As children, we were taught to love ourselves. We never cared about our hair color, how flat our stomachs were, or whether or not our legs looked good in the newest brand of jeans. Instead, we simply embraced our individual selves and celebrated our friends as well. However, as we continue to grow into tweens who would soon transform into teenagers, this strong self-confidence began to fade.
I began taking notice of my appearance when I was twelve years old.
I became obsessed with the way my body looked and I worked out excessively. I even attempted to cut out junk food and sweets from my food intake, which was incredibly rare for a middle school student. This insecurity continued for months on end until my mom sat me down and asked why I wouldn't eat a cookie for dessert after dinner one night.
When I told them about my growing insecurities about my body, my mom brought me complete reassurance. She reminded me that comparison is ineffective and it will only create a negative atmosphere. She also provided me with the reassurance that my body was in my control, and it was important that I treat it with care. I now use this phrase as a life mantra.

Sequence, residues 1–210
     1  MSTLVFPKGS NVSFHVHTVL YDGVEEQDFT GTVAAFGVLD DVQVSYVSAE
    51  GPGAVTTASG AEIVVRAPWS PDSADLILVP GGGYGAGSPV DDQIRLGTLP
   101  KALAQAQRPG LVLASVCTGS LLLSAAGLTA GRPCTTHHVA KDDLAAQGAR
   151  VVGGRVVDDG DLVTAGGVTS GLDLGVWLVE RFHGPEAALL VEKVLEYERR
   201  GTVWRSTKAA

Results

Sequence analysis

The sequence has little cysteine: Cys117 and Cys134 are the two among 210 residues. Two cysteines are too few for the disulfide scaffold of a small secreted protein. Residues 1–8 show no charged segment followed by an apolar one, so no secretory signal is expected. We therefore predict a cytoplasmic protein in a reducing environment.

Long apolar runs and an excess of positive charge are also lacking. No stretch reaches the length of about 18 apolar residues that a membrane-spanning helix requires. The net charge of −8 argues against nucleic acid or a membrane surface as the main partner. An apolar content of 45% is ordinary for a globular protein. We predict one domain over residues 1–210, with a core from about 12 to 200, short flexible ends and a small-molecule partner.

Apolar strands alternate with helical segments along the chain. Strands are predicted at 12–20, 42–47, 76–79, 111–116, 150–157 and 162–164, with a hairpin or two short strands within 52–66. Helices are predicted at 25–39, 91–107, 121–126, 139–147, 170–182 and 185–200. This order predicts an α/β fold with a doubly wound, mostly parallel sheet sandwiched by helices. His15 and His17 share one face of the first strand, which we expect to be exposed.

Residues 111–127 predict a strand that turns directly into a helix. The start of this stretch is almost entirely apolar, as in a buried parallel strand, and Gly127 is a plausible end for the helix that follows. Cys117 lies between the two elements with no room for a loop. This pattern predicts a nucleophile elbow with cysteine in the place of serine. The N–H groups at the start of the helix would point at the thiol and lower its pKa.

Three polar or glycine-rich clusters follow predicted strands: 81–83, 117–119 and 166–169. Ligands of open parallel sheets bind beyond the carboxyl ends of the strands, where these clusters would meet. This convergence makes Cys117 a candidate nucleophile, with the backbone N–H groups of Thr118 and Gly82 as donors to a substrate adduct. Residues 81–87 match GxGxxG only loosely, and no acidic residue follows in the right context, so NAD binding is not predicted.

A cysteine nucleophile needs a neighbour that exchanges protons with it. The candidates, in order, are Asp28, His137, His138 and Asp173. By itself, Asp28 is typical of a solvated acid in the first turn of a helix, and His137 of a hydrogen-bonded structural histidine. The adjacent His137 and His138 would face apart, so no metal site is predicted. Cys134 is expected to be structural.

A vast majority of teenagers and young adults, most commonly women, have negative perceptions of themselves due to comparison to peers, social media, and celebrities. When we see perfectly toned Victoria's Secret models walking down the runway on television, it can sometimes make us feel bad about ourselves and question why we don't look the same way. However, we are not meant to look that way.
As my mother told me, we are in charge of our own bodies. We were all created to be authentic beings and embrace our beauty unapologetically, no matter how that may look to each individual person. We, among all people, have the right to pursue our passions, dress how we want to, and feel comfortable in our own skin.
All in all, the one person who feels concerned about your appearance is you.
On that note, embrace your flaws! No one is perfect, but no one is you. To keep my self-confidence in check, I refrain from spending too much time on social media. By keeping my phone down, I feel much more at the moment when spending time with my friends, and there is only a positive effect from this action.
I also make a point to look at myself in the mirror each morning and smile. Smiling has proven to be contagious (trust me, I've tested it) and it ensures me that I'm starting my day off on a positive note.
Another way to improve a healthy self-perception is self-care. Put on a face mask, light your favorite candle from Bath and Body Works, and watch your favorite show on Netflix to complete the ultimate self-care night. These simple things help your body feel loved, and more importantly, it helps you love your body. Despite what media may say, we are all beautiful in our own way. Now is the time we celebrate one another.